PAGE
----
Lee Min-ki’s new movies and new album
Fans of Lee Min-ki already know of the actor’s penchant for music — he’s sung on a movie soundtrack, performed live onstage, and recorded a single (listen below). Therefore, it’s not such a surprise to hear that he’s got a debut album in the works, which is called “No Kidding” and goes on sale on August 11.
“No Kidding” will be Lee Min-ki’s debut not just as a singer but as a musician; he’s been working on developing his piano and guitar skills for several years. His title song is “영원한 여름” (Eternal Summer) and has already completed filming for its music video.
With this project and several films releasing in close succession, this is going to be one mighty busy summer for Lee Min-ki. Check out the short interview below the jump.
SONG OF THE DAY
FreeTEMPO & Sheean – “Power of Love” feat. Lee Min-ki, reposted from a prior post. [ Download ]
Next he’ll release the survival thriller A Million, which boasts a large cast and an interesting hook: reality show contestants are brought to an island to compete for 1 million dollars (or 1 billion won, per its Korean title “A Billion”). The contestants — which include Park Hae-il, Shin Mina, Jung Yumi, Lee Chun-hee — soon realize that the producer is unhinged and the game is more dangerous than they’d realized; playing the producer is Park Hee-soon, who does unhinged so well.
On the music front, Lee Min-ki will be performing a showcase at the music festival Beach Party Week & T, taking place at Busan’s Haeundae beach (the same beach from which the movie derives its name). The festival runs from August 3 through 9, while Lee Min-ki will perform on the 8th.
Here he talks about his role in the recently released Haeundae:
Your swimming skills are impressive.
Lee Min-ki: I learned for three weeks at the National Fire Service Academy. At the initial meeting, I said I could swim in the ocean, but I found that the ocean was pitch-black and scary. Later on, I swam with a rescue group from Gwangan Beach to Gwangan Bridge. I’m a little disappointed I didn’t get to show everything I’d practiced.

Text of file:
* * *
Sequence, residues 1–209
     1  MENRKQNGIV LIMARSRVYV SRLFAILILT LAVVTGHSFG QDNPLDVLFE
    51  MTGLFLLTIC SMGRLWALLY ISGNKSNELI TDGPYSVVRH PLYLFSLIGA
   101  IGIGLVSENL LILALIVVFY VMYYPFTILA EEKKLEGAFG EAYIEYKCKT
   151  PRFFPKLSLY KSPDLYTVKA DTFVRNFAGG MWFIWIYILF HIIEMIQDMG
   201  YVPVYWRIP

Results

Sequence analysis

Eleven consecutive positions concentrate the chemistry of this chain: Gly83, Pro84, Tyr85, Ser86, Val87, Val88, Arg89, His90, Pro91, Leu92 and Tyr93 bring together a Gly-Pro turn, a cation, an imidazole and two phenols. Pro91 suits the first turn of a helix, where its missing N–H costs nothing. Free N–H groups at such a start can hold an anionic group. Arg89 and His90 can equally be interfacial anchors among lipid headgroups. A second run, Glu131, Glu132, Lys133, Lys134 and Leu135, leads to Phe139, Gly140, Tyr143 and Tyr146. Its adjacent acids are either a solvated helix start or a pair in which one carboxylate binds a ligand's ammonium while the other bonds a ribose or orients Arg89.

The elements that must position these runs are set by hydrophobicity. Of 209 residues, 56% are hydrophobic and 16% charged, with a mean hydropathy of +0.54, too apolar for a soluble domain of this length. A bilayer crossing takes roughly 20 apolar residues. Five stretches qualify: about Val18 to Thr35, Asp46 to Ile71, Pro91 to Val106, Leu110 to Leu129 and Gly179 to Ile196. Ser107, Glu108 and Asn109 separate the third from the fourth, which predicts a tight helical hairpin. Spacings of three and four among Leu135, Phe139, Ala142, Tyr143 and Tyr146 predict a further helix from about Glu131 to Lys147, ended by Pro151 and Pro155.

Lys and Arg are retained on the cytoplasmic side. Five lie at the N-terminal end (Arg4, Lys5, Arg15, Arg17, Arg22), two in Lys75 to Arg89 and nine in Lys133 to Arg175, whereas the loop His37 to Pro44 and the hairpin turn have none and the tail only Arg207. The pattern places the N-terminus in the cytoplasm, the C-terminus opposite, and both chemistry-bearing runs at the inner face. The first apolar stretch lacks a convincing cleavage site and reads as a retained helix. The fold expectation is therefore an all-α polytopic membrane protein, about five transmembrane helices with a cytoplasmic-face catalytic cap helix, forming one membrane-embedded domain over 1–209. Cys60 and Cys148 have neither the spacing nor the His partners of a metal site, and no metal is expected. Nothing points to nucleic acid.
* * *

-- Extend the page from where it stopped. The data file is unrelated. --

How did you come to take this role?
I enjoyed reading the script. I liked that it showed these people living like real people do when the tsunami suddenly hits. At first, the character seemed like your typical blunt Busan man, but that impression changed as I worked. The director told me he wanted me to show a pure, naive side to the character.
There are two scenes that show your lips being bitten by your partner Kang Ye-won. She said, “Lee Min-ki’s lips are in tatters.”
It hurt. We had to shoot that several times, so being bitten, then bitten again, hurt. After filming ended, it felt like my lip was flapping in the sea breeze. [Laughs]
Being from [the southern province of] Gimhae, you must have found it easier to use the Saturi accent.
It’s true that compared to how hard my sunbaes worked, it was a lot easier for me. It was similar to me looking at them and thinking, “Ah, that’s how you show facial expressiveness with the Seoul dialect.” But the worrisome part was thinking that since everyone knows I’m from this area, I’m in trouble if I go wrong at this point.
Even from the perspective of natives, my sunbaes’ Saturi accents were excellent. Sol Kyung-gu hyung would hole up in his room every day, listening to the recordings and sighing, “This isn’t even English or French, and I’m struggling so much with this Korean language.” The result of that struggle came out well.
You’ve shot a lot of projects lately, but compared to when you were called “Korea’s Younger Boyfriend”* the reaction has been relatively quiet.
(*”Younger Boyfriend” refers to his image playing the younger boyfriend to an older woman, as in Dal Ja’s Spring.)
There are people who give me recognition. Of course, we don’t do this to work alone and clap for ourselves alone. I’m grateful if many people give me credit, but that’s not something I can accomplish with my own talent.